Growing up there were some things I didn’t want others to know about me. One was that we lived in an old farmhouse heated with wood and coal with only two somewhat, sometimes warm rooms. I never slept in a heated room during winter until college. We rarely wore white because without a water softener
Growing up there were some things I didn’t want others to know about me. One was that we lived in an old farmhouse heated with wood and coal with only two somewhat, sometimes warm rooms. I never slept in a heated room during winter until college. We rarely wore white because without a water softener the Indiana limestone water from our well would turn white clothes “tie-dyed” tan. I only told others where I lived when necessary because our family farm was down a narrow gravel road between two small “towns” that didn’t have a traffic light or even a stop sign on the roads through. It’s interesting that although now I realize these things don’t matter and that country living even inspires magazines today, back then I felt ashamed about such things. Too bad the song recorded by country music artist Barbara Mandrell, “I Was Country When Country Wasn’t Cool,” wasn’t recorded yet!!
I knew Mom and Dad did their best for me, and I certainly didn’t want to live anywhere else, heating with wood or not. Some of my good memories with my dad are when we would take a wagon pulled by “Mighty Mouse” — Dad’s name for the grey 9N Ford tractor — to the woods or local sawmill and collect firewood to saw up and stack. A big day for me was when Dad “turned me loose” with the chainsaw. This was especially notable because my older brother a few years earlier had cut into his knee with the same saw. (After surgery and a week or so in the hospital he still limps.)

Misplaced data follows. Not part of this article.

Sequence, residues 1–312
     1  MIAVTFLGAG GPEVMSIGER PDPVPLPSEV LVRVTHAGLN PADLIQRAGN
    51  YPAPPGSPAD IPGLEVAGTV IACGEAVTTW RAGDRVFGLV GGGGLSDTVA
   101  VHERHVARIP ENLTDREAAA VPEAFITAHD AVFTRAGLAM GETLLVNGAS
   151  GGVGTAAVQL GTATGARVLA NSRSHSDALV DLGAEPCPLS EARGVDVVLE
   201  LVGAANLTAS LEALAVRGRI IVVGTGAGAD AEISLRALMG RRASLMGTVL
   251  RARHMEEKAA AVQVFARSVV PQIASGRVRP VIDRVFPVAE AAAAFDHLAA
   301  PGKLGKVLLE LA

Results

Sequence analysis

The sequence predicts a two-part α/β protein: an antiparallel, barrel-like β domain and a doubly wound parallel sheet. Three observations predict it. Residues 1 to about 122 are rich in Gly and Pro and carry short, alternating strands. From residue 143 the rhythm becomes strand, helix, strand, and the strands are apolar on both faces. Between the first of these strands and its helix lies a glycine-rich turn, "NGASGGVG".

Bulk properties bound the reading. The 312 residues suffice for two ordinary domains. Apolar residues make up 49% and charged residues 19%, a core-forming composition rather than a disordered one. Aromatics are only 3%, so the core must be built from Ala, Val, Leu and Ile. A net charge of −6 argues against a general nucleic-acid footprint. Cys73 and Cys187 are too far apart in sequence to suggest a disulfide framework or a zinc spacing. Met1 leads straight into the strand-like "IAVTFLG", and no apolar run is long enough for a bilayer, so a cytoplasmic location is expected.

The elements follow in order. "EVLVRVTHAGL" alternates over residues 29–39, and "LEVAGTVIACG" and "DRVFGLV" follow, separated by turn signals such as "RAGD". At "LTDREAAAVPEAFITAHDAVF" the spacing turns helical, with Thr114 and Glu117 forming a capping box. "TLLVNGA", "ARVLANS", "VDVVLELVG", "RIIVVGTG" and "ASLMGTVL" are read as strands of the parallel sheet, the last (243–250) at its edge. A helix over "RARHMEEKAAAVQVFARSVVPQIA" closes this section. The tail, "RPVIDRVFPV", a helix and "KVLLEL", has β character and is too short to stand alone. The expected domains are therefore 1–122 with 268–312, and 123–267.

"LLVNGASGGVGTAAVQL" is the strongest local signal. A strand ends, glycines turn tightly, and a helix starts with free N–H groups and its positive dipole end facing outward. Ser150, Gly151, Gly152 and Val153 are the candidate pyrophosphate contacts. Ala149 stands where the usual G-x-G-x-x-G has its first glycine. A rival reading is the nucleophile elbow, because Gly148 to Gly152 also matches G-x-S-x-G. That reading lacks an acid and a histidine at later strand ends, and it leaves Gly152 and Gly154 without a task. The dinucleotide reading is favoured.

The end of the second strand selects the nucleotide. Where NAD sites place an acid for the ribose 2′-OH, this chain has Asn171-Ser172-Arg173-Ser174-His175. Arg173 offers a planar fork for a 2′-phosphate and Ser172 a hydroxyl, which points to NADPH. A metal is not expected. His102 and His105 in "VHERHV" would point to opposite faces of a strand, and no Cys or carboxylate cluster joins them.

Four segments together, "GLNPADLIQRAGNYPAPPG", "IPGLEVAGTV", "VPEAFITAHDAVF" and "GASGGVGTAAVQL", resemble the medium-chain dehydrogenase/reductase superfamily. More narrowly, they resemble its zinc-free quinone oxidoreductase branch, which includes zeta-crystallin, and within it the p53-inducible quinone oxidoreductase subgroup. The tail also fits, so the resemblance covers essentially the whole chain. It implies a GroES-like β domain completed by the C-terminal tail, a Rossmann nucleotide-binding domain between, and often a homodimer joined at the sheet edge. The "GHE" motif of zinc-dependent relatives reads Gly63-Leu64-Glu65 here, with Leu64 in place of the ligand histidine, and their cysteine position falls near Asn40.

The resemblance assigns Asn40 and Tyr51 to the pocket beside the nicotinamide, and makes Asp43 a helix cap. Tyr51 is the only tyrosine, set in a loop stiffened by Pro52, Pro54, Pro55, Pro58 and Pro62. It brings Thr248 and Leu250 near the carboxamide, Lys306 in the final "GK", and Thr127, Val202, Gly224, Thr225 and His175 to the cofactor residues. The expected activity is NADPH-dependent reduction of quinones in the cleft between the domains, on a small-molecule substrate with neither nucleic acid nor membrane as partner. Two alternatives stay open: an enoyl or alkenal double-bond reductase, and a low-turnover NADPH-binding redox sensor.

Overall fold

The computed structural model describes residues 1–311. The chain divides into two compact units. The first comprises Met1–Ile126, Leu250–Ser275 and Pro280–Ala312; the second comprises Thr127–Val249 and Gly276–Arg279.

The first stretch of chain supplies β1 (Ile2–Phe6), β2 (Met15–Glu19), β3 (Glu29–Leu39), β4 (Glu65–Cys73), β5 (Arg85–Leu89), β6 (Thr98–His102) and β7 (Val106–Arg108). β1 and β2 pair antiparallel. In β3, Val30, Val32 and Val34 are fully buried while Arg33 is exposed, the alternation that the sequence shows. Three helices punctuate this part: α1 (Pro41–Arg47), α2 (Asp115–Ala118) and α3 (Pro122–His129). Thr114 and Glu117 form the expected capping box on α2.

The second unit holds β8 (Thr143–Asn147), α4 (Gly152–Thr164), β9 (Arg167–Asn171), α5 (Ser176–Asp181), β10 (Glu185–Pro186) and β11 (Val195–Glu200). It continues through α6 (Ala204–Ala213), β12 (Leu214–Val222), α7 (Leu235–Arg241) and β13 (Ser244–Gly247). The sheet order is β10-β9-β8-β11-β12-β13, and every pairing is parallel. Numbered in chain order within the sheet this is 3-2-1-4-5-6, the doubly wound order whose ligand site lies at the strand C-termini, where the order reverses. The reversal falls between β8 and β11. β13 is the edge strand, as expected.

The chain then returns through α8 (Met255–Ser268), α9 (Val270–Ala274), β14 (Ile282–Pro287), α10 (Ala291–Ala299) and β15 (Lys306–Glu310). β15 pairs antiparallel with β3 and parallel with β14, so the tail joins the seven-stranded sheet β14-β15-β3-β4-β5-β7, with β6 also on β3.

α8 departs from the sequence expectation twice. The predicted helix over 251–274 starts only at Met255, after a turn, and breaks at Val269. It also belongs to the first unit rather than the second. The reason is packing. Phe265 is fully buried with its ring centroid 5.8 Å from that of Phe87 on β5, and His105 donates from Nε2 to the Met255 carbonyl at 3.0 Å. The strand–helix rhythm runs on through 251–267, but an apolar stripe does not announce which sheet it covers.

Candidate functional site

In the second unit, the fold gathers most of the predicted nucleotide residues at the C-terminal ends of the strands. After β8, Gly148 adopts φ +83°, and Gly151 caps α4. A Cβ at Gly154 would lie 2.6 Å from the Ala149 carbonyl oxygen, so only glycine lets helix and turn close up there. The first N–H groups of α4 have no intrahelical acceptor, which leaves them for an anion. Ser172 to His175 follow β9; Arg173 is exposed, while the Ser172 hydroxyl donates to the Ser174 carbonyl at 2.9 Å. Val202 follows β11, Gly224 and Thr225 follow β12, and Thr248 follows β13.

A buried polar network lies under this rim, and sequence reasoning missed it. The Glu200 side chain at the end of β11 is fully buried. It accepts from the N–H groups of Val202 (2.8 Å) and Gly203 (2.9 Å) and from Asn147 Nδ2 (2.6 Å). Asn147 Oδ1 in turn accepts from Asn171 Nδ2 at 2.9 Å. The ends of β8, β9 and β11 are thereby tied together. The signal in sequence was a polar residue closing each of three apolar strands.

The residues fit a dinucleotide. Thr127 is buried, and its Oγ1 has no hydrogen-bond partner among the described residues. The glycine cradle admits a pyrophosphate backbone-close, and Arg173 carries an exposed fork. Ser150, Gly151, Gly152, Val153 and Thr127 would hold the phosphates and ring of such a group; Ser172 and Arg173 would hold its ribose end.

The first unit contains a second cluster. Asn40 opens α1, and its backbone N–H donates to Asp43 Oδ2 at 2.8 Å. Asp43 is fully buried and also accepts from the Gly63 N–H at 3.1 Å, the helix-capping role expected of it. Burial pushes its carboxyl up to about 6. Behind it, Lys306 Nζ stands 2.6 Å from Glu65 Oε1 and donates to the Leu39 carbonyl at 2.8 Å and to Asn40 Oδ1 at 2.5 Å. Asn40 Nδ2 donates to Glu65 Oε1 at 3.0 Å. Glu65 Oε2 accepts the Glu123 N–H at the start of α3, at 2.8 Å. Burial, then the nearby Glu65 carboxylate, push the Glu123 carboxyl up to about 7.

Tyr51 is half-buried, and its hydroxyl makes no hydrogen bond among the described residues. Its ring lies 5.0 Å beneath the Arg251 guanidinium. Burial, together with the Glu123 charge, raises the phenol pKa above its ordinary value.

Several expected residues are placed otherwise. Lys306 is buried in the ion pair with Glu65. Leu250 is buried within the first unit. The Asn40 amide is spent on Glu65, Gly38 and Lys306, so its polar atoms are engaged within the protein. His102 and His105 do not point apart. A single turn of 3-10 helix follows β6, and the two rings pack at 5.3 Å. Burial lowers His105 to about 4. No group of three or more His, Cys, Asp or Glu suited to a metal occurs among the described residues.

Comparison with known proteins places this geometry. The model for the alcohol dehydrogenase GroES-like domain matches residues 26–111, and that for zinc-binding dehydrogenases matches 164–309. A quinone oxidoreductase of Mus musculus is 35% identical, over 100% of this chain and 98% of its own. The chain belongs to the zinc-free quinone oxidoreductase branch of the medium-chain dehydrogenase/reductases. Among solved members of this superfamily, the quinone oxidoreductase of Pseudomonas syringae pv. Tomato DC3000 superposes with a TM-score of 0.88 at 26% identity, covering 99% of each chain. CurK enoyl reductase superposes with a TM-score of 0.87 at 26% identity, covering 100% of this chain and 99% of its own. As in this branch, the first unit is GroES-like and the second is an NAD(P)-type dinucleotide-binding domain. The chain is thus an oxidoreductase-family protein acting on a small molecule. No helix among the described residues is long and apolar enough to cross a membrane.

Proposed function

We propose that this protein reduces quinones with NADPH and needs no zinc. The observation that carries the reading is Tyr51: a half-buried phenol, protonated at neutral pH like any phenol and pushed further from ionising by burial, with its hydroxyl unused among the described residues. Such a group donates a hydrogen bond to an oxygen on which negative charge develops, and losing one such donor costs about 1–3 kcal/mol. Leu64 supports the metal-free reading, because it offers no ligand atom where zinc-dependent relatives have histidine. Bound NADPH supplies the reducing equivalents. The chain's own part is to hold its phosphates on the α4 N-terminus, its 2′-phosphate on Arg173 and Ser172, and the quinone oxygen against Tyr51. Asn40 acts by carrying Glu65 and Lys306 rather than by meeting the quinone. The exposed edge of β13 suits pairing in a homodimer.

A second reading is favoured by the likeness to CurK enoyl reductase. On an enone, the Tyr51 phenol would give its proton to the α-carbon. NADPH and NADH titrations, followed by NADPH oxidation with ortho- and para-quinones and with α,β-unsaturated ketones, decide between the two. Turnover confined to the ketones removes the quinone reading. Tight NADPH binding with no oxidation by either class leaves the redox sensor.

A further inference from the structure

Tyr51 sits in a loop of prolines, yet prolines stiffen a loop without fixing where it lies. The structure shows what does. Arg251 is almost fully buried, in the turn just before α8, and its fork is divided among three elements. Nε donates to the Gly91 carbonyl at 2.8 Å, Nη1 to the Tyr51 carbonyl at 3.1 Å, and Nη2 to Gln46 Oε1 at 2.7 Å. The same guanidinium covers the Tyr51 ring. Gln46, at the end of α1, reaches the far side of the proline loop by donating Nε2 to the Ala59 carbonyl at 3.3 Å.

My mother said we had an ancestor who served with the Continental Army and wintered with George Washington at Valley Forge. She would periodically get invitations to join the DAR (Daughters of the American Revolution), would show us them and then put them away somewhere. That made me feel proud of my distant relative. I never missed a chance to “contribute” this tidbit to any history class that was covering anything remotely related to the founding of our nation. Some other “proud” events for me were when the feed silo and grain bins were built by the barn. The silo was how I gave directions to the farm — “Look for the ‘Silver Shield Silo.”
In high school, our small high school was “consolidated” (swallowed up) by a bigger city district. Although we all got along well and made many new friends, the little towns around the farm felt even smaller and less significant to me. Conversations seemed to be about events at the school and in the larger towns. I never “talked up” the little towns and gravel roads around the farm. It’s amazing that so many of us (well, at least me) spend seasons of our life feeling bad about ourselves when, if you stop and look at “the details,” there is no reason to!! In fact, if you were to give the situation to others, some wouldn’t mind and might even write a song about it.
During this Christmas season, I learned a few things about Nazareth, the hometown of Jesus. It was small, population 100 to maybe 400 tops. The name “Nazareth” means “’branch.” From the prophetic Book of Isaiah, written 800 years earlier, “A shoot will come up from the stump of Jesse (the father of King David); from his roots, a Branch will bear fruit.”
The expectations of the Israeli nation then, were that the Messiah would be mighty in earthly power and grandeur — no doubt that he would be from a “big city,” commanding thousands. Quite the opposite happened, however. It is recorded in the Bible that Nathanael, who became one of the 12 disciples, when first hearing about Jesus from Philip said, “Can anything good come out of Nazareth?” Many others in that region rejected Jesus, “His own received him not.”
I am thankful that Jesus came into, lived and left this world in humility. He knows how we feel. He was born where there was no heat or running water at all. I had it good!!
If I could go back in time, just once, to the 8:00 a.m. gathering (hang out time) before class in the high school foyer, after one of my “city” friends in a white shirt would finish saying “Yep, boys, I live at 846 Asphalt Avenue, Slick Town, USA, I drive a ‘68 gold Camaro with chrome rims, and we dine out every night”, I would reply “I live on Rural Route 1, USA, it’s down two miles of one lane gravel road with cows on it some days, I drive a tractor named “Mighty Mouse” and eat mustard and sardine sandwiches with my dad in the woods, and I wouldn’t trade that for anything in the world”.
- January 16, 2019